Tag Archives: South Beach

A Need-To-Know Basis: The Basics

A reader writes:

My wife and I just bought a home in Westport. We will move there in September.

As a soon-to-be resident, reading “06880” has helped me get to know the town. For example, I already know that everyone on the railroad parking wait list will soon get a pass.

But what else should I know?

I’m looking for a quick crash course about the town. It could be anything from “avoid this road during these hours” to “this parking lot always has spaces” to “what do I need to know about Compo Beach.”

I realize you could write hundreds of tips. I figured it wouldn’t hurt to ask.

Great idea!

You’re right. I could give hundreds (if not squintillions). Here are a few quick ones, in random order:

You need a ticket for the 4th of July fireworks at Compo Beach. (Which in Westport are never actually on the 4th. This year, they’re June 30th.) Westport PAL puts them on, with help from Melissa & Doug (the innovative toy company). Tickets are available at Parks & Rec headquarters (in Longshore, near the 1st tee) and police headquarters (Jesup Road). The $40/vehicle ticket supports a huge variety of PAL programs — so even if you watch the fireworks elsewhere, or don’t park at the beach, consider donating to PAL.

If everyone cooperates, getting into the beach for the fireworks goes smoothly.

Speaking of which: Unfortunately, Westport’s Parks & Recreation Department website is the least user-friendly I’ve seen since dial-up modem days. From the non-intuitive way to sign up for hand passes (for tennis, golf, Longshore pool, etc.), beach emblems (we actually call them “stickers”) and boat launch permits — hint: click on “Memberships” — to the random, dizzying list of options in every category, on through all the clicks needed to jump from page to page and back again, it’s a cluster****.

The good news is: If you’re free when the office is open, head there yourself. (As noted above, it’s in Longshore, near the golf course 1st tee.) The employees are fantastic: knowledgeable, helpful, friendly and fun.

The bad news is: I can’t tell you when the office is open. It’s nowhere on the website — at least, nowhere I could find.

The Parks & Rec Department office, at Longshore. (Photo/Lynn Untermeyer Miller)

Speaking of the beach: The best sunsets for miles around are at Compo’s South Beach. That’s the area from the cannons to the kayak launch. There’s often a convivial crowd — perhaps because that’s the only area on a Westport beach where alcohol is permitted. (No glass, please!)

South Beach is also where, on a beautiful evening, every grill might be taken. Tables are first-come, first-served. Despite that notice on every table, some people “reserve” them by leaving blankets, chairs, even coolers all around, then leaving the beach for the next few hours.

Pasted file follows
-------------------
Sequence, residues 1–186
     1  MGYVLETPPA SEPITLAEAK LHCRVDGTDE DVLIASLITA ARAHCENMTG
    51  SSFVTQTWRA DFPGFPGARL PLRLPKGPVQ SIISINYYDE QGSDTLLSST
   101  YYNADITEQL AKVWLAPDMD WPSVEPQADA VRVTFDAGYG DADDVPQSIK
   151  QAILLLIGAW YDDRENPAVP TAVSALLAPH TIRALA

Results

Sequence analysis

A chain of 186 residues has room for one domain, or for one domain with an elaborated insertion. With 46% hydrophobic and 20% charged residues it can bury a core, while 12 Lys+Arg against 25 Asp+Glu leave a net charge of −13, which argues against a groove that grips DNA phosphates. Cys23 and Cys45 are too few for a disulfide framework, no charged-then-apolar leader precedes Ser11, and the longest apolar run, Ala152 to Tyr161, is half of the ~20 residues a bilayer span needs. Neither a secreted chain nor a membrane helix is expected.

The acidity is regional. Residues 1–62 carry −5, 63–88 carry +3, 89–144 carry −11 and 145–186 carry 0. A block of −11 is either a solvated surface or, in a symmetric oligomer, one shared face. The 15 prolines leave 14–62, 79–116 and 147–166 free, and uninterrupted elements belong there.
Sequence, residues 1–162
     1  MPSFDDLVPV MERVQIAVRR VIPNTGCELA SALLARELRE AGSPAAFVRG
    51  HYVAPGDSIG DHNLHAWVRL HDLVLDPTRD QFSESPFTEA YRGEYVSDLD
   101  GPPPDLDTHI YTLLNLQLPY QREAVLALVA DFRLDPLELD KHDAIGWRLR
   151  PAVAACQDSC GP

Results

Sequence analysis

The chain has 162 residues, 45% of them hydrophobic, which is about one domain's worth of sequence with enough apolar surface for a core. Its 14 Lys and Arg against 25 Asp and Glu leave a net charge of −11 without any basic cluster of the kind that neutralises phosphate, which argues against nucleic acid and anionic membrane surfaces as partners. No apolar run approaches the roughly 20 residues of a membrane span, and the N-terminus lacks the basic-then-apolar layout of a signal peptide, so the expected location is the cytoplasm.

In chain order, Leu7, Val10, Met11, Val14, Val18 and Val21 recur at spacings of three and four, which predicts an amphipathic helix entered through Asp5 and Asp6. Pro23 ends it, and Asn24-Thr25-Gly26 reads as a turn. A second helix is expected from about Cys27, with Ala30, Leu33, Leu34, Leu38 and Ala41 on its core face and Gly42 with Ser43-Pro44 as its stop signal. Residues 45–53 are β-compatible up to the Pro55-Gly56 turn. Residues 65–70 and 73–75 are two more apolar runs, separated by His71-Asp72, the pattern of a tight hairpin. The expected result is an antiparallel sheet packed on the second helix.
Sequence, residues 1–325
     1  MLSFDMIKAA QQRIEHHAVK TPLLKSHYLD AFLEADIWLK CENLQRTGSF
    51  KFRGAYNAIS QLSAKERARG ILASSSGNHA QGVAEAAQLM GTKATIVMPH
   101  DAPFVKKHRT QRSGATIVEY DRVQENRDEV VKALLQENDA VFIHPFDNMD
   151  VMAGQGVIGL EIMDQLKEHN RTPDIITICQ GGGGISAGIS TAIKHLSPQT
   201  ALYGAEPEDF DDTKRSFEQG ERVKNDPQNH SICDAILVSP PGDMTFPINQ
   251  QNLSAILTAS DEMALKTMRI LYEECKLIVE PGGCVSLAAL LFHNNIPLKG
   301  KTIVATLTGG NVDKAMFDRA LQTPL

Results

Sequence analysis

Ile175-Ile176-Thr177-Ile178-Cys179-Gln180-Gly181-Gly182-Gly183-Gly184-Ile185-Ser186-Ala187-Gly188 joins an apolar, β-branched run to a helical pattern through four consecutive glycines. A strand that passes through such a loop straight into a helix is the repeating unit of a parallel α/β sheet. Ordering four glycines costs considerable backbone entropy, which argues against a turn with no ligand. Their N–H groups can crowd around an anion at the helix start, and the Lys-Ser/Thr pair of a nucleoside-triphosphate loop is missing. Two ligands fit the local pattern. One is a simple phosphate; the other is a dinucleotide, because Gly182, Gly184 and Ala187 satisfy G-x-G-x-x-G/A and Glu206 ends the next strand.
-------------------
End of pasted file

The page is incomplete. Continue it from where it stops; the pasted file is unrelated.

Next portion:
You are perfectly within your rights to take that table. However, I am not responsible for whatever happens next. I’m just sayin’….

This does not reserve you a South Beach table.

A few other tips: The town dump is called the “transfer station.” On the Sherwood Island Connector, it’s  where you toss household garbage, furniture, carpeting, lamps, televisions, electronics, batteries and similar items. Much of it is recycled. Workers there are very helpful and friendly. On Saturday mornings especially, it’s a great place to meet other Westporters.

The best shortcut in town that does not involve annoying other residents is the Merritt Parkway between Exits 41 and 42. You get from the YMCA/Wilton area to Coleytown/Weston without circling through Wilton Road, North Kings Highway and Main Street. Even when the Merritt traffic creeps along, it’s usually quicker.

The Imperial Avenue parking lot is underrated – not only for events at the Levitt Pavilion, but even for downtown. The pedestrian bridge connecting it to the Levitt and Library is easy and gorgeous — and the lot is nearly always empty.

Deadman Brook bridge, between the Levitt Pavilion and Imperial Avenue (Photo/Lynn Untermeyer Miller)

You will see the Remarkable Bookcycle parked somewhere around town: the beach perhaps, or Bedford Square or the Westport Book Shop on Jesup Road. The concept is cool — take a book, give a book — but there’s a back story. It’s decorated with the “dancing man” logo of the Remarkable Book Shop, a beloved (and long-gone) Main Street institution. Fun fact: The Bookcycle is the brainchild of Jane Green. Yes, that Jane Green. The internationally known author is a fellow Westporter.

(Photo/Judith Shaw)

Those are just a few top-of-the-head ideas. I am sure every “06880” reader — at least, those who have been here more than 10 minutes — can add his or her own.

So, let’s do it. Click “Comments” below to pass along info that every newcomer needs to know. Along with this last one:

You don’t need to buy milk and eggs every time snow is predicted. But do pay attention to rain and wind advisories.

There’s not a lot that’s certain in Westport, but this much is: You will lose power.

Often.

Welcome to Westport!

Pics Of The Day #1224

Schlaet’s Point …

… and South Beach (Photos/Lauri Weiser)

Pics Of The Day #1203

Compo’s South Beach, looking west toward Owenoke … (Photo/Andrew Colabella)

… and Ned Dimes Marina nearby (Photo/Jeff Kaplan)

Turning The Tables

Westport’s Parks and Recreation Department and Commission have done an admirable job improving South Beach.

The alcohol-allowed-but-no-glass-please section of Compo Beach was always a favorite spot for cookouts, picnics, sunset-watching and walking.

This summer, the extension of the walking path from the cannons made it much safer. The addition of new barbecue grills eased the crunch for choice spots. The rollout of a Mobi-Mat enabled folks with mobility issues, strollers, even heavy ice chests to reach the water’s edge.

Parks & Rec has done even more at South Beach. But many beachgoers may not be aware of exactly what it all entails.

Picnickers love the new round tables, placed close to the parking area: